Nickel-based superalloys have great applications in the fabrication of turbine blades, jet engines, and other high-value metal components found in marine applications, industrial or nuclear reactors. Using additive manufacturing technology to build these components can offer significant benefits. However, the laser processability of these alloys shows they are prone to cracking.
Powder production routes, actual AM process and recycling methods all influence particles characteristics. In powder bed fusion, these properties affect the homogeneity and density of the powder layers spread across the build platform and, in turn, the process repeatability and the parts quality. Quantifying a combination of factors defining a ‘good’, process-able powder is still required for AM. Yet little has been studied to link traditional powder measurements to its flowability and to its AM process-specific spreading abilities. In this post, let’s discuss suitable parameters and values to qualify flowability of metal powders for selective laser melting (SLM).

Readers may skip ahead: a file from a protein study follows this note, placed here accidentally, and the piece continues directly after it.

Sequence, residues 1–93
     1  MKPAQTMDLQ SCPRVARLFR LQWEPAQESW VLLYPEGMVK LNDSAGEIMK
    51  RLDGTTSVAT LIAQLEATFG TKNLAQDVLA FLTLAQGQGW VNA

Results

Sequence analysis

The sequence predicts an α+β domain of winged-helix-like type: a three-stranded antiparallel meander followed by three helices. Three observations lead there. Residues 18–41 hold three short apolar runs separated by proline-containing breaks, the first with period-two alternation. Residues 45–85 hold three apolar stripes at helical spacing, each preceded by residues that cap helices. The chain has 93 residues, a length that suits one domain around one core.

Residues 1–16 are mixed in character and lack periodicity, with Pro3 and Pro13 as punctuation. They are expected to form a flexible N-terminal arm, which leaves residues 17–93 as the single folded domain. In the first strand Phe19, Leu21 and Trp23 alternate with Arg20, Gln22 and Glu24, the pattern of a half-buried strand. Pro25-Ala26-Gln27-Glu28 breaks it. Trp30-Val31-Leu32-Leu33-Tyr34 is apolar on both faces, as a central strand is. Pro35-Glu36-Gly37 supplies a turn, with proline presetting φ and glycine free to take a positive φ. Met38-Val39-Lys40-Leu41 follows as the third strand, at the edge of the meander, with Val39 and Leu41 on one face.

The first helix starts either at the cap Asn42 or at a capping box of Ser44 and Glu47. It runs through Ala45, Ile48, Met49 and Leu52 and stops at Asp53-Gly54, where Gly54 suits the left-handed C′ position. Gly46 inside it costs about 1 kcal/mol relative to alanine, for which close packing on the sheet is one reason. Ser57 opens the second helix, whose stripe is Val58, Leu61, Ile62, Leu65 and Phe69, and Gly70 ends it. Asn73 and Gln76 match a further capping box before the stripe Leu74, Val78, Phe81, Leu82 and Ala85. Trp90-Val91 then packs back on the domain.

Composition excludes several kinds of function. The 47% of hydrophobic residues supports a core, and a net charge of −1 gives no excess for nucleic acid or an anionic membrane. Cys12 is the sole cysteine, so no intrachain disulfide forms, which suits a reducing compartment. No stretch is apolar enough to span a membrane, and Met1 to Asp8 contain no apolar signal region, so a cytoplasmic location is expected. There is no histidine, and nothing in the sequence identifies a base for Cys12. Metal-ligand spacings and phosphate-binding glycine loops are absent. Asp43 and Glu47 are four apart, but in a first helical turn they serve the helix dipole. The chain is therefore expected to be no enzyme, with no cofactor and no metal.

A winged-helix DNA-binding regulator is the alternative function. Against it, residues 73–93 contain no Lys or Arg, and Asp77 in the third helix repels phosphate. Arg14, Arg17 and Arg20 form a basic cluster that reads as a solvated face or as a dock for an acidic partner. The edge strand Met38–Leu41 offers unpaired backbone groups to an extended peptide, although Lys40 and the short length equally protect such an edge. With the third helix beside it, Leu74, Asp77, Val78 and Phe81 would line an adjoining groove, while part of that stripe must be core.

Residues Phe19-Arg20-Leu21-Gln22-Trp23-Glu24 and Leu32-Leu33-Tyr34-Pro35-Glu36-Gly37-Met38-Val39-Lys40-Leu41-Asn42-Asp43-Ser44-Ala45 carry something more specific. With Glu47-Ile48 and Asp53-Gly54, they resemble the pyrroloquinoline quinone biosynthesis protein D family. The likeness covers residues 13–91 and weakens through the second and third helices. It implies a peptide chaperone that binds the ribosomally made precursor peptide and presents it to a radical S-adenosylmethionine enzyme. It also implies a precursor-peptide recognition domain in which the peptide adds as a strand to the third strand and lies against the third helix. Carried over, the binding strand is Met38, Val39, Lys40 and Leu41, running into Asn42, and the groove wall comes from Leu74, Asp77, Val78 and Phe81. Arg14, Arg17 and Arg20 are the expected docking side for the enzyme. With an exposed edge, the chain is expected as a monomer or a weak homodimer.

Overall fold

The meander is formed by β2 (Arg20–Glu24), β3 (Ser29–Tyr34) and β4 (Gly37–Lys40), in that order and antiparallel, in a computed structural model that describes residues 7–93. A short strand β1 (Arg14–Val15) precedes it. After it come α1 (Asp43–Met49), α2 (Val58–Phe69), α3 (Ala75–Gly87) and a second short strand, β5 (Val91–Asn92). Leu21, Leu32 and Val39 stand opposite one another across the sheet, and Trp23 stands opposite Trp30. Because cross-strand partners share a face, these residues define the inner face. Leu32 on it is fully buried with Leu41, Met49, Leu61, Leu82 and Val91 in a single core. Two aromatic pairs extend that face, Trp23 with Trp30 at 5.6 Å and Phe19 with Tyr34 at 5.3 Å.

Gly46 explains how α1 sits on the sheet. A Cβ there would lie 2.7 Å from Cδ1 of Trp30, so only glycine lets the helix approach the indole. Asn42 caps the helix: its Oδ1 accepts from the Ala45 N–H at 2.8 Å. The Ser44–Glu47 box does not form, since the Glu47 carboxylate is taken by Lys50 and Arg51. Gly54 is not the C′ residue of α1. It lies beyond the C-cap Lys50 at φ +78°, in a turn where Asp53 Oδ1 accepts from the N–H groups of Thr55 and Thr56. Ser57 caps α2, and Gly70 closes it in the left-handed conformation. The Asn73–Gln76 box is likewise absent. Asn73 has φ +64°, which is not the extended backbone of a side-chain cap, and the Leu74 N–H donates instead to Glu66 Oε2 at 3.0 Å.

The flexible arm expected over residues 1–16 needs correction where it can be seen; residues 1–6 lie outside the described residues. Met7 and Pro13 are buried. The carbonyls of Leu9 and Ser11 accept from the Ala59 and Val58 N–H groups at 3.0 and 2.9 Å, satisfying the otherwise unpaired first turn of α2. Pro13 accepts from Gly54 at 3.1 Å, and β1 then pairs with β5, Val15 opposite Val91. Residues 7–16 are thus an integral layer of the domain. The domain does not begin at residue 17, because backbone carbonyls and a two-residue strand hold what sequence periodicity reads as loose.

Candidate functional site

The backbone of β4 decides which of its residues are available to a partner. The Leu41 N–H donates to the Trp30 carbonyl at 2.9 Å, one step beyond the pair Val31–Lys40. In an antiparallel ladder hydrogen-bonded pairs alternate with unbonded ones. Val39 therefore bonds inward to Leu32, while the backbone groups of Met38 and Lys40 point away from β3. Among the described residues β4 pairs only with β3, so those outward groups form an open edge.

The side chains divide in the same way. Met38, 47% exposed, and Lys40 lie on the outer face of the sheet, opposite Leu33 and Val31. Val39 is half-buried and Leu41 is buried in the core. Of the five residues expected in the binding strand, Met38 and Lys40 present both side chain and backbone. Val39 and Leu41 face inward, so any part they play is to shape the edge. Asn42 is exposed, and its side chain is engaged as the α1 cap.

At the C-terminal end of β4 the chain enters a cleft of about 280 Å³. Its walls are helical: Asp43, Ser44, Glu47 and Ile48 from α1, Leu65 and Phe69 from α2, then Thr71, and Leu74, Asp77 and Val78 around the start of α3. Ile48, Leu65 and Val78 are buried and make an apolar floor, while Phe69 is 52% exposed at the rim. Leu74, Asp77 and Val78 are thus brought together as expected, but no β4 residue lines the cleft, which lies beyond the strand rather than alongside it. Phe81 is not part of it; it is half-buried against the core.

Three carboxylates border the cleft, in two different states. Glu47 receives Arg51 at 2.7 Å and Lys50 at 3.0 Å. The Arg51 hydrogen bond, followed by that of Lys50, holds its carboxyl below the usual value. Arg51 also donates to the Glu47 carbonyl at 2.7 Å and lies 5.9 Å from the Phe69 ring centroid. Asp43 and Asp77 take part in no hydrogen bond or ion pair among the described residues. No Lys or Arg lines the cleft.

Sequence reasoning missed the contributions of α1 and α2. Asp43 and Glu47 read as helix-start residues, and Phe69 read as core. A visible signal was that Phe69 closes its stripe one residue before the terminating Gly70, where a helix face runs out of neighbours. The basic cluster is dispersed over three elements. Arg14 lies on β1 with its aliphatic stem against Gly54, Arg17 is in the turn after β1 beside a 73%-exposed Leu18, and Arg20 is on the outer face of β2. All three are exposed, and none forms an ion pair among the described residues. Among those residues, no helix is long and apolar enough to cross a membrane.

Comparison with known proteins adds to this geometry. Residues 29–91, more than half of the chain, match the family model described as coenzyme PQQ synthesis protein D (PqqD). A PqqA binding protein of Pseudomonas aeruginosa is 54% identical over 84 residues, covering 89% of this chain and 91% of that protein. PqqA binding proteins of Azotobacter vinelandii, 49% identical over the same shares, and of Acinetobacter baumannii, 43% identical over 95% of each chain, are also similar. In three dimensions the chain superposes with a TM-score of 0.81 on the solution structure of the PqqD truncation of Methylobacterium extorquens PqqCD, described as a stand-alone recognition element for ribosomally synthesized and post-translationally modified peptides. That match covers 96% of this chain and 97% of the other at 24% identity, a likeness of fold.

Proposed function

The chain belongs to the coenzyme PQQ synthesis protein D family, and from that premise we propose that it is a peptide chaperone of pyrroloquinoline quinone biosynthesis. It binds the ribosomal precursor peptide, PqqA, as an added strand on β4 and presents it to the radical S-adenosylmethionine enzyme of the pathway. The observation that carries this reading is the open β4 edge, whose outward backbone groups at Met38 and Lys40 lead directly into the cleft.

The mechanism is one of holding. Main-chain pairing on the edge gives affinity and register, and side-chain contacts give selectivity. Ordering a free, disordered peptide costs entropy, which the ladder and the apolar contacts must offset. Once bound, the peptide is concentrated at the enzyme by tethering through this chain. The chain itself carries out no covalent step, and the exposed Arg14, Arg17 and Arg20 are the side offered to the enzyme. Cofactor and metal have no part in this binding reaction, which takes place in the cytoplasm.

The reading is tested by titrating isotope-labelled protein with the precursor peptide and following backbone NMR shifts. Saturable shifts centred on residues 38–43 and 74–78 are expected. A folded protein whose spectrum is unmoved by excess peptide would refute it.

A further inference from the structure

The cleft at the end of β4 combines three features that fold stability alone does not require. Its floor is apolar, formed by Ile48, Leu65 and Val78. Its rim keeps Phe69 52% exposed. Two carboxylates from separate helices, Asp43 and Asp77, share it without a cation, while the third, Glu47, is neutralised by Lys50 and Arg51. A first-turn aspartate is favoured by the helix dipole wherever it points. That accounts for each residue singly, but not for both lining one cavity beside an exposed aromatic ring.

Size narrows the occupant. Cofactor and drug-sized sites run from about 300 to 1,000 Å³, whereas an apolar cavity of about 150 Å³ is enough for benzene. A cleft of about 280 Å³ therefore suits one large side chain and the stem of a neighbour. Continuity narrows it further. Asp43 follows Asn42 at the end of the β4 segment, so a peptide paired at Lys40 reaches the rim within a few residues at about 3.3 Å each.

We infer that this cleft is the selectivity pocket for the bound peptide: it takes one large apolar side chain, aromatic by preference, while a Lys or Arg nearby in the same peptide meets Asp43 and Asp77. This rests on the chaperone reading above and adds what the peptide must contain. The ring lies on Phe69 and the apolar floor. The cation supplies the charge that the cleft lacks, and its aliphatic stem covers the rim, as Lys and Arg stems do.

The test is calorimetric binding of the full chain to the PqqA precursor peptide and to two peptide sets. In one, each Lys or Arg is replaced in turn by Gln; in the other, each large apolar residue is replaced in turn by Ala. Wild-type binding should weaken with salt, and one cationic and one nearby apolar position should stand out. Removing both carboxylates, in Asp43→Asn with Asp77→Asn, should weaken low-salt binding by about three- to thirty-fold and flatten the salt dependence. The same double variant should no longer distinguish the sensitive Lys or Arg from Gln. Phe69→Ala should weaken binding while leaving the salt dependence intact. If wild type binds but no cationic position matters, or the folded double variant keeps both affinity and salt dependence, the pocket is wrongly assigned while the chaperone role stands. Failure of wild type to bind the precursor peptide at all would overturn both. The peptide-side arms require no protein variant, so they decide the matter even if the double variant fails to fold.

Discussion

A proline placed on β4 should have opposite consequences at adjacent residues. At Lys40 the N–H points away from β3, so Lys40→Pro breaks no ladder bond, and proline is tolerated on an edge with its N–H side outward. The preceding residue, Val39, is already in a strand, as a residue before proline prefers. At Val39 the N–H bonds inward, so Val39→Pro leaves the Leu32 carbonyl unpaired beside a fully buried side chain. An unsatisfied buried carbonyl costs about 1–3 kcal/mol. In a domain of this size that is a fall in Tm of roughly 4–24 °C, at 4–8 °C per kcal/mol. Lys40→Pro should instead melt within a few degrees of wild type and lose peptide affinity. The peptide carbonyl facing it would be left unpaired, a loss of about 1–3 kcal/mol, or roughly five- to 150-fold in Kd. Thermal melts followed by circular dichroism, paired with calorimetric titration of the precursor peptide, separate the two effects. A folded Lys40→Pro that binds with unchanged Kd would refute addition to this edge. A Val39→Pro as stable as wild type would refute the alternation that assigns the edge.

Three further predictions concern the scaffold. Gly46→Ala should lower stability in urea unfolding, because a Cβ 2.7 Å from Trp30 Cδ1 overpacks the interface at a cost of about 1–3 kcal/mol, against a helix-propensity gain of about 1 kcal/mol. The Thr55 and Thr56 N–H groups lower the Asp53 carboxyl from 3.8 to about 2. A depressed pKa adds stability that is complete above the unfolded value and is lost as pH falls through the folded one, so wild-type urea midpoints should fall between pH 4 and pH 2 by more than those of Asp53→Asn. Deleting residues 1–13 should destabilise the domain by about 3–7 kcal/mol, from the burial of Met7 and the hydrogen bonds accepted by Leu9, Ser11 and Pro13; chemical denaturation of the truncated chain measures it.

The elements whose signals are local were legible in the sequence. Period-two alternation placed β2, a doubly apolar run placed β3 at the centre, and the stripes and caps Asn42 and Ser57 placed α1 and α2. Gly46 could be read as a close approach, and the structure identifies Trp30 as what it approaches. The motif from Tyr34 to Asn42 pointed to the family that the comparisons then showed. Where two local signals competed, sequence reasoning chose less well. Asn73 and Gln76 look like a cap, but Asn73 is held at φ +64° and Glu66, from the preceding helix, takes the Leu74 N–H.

Obtaining high density components is a trade-off between build rate and powder irradiation time (ie scanning speed). Achieving high density is usually the 1st step in parameters development for SLM and EBM. But do we have to assume (close to) 100% density to obtain satisfactory mechanical properties? This blog post addresses the impact of defects obtained in SLM on mechanical properties of Ti64.
Functionally graded materials (FGM) are designed materials tailored to exhibit as-built inhomogeneous compositions and microstructures. Since Laser Metal Deposition (LMD) uses various hoppers to supply powder feedstock at the laser focus, it has the ability to produce FGMs by selectively depositing different elemental powders into the molten pool at specific locations in the structure during part buildup [1,2].
Aluminium alloys are notoriously difficult materials to cast or weld. Their naturally high reactivity with the environment favours oxidation and moisture pick up that promotes pores formation during solidification. Among other mechanisms, gas porosity need to be addressed. In casting, this can be done by adjusting the cooling rate . In welding, it can be done by scanning the surface . This post addresses a few ways to decrease hydrogen porosity formed during Selective Laser Melting.
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